Peering from the Outside: Supporting HBCU legacy

IMG_5547

Shalander Samuels, Ed.D.

As a high school teacher, I have noticed that a few of my students, many of which are sophomores, have been bringing in college letters from universities that are beginning to recruit them. At my school, we are intentional with celebrating each time a letter is received. Yet, I have not seen a single letter from an HBCU for any of my students. Although it is great that students are being contacted and prompted to think about college so early, I could not help but think about how HBCUs are not reaching out to these students. PWIs are hard at work, they are sending recruiters, sending reminder letters, and they are advertising frequently. Students have enthusiastically shared how they are looking forward to the institutions that have remained in constant contact with them since the beginning of their sophomore years. I can’t help but ask HBCUs, where are the recruitment letters? Where are the guest speakers and advertisements to the high school students informing them of the option to choose the type of university they would like? Consider the many students who are unfamiliar with the wealth of knowledge and positive experiences HBCUs provide. With the current socio-political climate, now is the time for HBCUs to step up to the plate and begin reaching out to younger students to encourage them to consider their institution as an option.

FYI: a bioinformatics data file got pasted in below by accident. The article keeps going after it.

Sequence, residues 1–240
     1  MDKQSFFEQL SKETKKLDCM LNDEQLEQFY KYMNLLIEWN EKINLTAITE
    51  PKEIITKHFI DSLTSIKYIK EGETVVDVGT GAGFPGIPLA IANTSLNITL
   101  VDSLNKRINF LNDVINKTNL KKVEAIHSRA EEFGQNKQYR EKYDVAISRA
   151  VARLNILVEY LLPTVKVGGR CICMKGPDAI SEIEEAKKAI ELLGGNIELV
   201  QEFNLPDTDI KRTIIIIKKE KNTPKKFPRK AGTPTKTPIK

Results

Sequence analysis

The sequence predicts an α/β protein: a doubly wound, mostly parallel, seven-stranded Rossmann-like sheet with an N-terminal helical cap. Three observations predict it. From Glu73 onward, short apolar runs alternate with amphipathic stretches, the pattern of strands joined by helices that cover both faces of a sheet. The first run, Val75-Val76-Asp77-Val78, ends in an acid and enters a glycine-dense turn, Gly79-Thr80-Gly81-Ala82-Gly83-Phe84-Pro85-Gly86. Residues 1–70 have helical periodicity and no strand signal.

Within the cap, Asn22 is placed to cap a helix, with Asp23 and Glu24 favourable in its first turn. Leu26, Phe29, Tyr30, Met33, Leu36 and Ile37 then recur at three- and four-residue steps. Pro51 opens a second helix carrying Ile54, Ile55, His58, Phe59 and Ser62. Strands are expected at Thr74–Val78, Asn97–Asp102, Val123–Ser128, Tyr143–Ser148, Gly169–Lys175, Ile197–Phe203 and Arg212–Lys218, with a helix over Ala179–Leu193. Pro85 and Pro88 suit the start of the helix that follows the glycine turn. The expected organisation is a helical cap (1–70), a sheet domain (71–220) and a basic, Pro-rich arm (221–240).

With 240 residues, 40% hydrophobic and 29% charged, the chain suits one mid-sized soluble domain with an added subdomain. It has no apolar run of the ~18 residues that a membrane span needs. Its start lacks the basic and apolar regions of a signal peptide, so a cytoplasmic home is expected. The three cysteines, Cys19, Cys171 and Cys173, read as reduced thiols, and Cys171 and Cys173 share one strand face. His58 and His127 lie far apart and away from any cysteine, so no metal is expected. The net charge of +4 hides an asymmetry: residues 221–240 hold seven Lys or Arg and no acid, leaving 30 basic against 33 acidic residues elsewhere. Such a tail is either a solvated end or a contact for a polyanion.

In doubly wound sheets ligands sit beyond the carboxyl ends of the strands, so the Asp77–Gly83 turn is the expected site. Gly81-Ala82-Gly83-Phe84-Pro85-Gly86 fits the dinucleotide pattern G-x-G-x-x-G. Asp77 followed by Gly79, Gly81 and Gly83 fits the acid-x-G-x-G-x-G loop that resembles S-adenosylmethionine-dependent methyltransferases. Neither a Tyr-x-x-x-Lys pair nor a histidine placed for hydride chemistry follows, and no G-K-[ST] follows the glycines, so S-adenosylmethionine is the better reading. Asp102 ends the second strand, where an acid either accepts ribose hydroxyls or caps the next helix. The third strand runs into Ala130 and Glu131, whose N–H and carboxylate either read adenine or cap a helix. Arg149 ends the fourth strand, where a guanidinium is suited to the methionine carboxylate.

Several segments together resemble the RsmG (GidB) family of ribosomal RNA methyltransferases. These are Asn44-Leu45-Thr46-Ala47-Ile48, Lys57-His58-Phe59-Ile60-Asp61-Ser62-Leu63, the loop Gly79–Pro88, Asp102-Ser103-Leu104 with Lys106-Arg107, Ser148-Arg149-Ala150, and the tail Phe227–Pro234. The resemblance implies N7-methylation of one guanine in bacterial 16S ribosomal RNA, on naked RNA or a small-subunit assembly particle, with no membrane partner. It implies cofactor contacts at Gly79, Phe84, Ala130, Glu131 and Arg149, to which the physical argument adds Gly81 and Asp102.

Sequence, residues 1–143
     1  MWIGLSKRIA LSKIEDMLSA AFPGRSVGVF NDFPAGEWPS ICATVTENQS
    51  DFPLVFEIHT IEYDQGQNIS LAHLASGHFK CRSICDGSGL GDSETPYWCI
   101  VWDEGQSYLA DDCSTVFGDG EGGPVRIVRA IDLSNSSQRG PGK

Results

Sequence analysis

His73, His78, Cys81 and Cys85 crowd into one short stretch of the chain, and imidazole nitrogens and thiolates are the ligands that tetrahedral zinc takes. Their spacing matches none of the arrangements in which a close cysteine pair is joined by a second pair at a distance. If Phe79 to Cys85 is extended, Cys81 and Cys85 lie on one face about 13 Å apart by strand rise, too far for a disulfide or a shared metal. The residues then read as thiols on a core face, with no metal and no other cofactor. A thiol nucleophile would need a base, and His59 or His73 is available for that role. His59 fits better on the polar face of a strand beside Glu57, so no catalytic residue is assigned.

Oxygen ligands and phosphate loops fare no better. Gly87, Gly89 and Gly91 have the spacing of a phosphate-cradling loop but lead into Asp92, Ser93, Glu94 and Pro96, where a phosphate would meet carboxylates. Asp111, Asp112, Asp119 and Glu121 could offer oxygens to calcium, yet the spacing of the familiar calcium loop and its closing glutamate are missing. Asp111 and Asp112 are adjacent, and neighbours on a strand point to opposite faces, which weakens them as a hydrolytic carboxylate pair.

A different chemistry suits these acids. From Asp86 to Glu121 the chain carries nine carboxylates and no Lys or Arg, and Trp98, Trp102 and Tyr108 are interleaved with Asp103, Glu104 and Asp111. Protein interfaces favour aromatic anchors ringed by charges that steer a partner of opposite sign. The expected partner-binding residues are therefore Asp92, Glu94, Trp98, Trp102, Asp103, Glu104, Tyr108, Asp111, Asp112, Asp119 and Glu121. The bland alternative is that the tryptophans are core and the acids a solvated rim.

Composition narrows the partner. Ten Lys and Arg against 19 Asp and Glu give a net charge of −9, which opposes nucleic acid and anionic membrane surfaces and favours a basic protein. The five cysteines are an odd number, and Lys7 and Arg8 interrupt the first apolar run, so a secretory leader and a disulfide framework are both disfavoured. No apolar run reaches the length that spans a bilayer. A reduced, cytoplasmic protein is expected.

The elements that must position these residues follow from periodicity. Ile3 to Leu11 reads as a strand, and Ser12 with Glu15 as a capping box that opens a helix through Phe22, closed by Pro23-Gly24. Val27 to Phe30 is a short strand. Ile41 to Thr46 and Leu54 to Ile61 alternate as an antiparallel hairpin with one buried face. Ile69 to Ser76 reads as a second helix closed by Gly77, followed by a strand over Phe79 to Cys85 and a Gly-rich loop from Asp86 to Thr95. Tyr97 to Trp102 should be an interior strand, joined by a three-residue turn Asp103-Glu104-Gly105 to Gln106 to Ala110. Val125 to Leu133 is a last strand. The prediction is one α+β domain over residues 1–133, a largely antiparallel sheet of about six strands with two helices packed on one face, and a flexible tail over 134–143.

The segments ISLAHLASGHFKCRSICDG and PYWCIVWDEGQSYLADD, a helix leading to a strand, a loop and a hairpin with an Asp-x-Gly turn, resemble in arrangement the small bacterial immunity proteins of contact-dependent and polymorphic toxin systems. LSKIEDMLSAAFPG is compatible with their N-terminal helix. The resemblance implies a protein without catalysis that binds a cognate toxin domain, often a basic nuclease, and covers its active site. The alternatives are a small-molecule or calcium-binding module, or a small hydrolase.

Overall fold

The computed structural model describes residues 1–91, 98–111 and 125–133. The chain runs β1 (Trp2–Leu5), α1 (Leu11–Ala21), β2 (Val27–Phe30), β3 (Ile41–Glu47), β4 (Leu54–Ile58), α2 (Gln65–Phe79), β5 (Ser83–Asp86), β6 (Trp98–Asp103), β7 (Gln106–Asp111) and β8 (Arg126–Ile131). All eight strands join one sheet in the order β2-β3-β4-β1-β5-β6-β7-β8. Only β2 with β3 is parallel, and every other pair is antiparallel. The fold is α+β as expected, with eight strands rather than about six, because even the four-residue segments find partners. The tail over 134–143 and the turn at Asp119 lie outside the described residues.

I could sit and add to the persecution of HBCUs, as is popular these days. Many are aware of the lacking resources at these institutions, and I would be remiss if I did not acknowledge institutional structural challenges that deter such recruitment efforts to exist. However, I do believe that there are innovative and cost-efficient ways to best share the mission and vision of these illustrious institutions with younger students.

Let’s consider the following:

Social Media Engagement: What about taking advantage of and leveraging technology by recruiting through the use of social media? In this digital era, it is much easier, and cheaper to advertise and reach out to high school students via digital media platforms. Instagram, Facebook, and Snapchat all give quick access to eager eyes and ears, this is an easy way to connect. For example, how could YouTube be used to micro-target students? Using social media as a method for recruiting can be beneficial to HBCUs as they strive to educate the next generation of Black students.

Alumni Outreach: HBCUs should reconsider the use of alumni who are willing to support the schools through their own personal organizations, giving their personal time, and those willing to make connections with school districts and other K-12 systems. Many secondary schools allow guest speakers to conduct “teach-ins” as well as volunteer opportunities in middle and high schools. These can be opportunities for alumni to share the mission of your institution and encourages former HBCU students to be ambassadors to their alma maters, further expanding the institutional reach.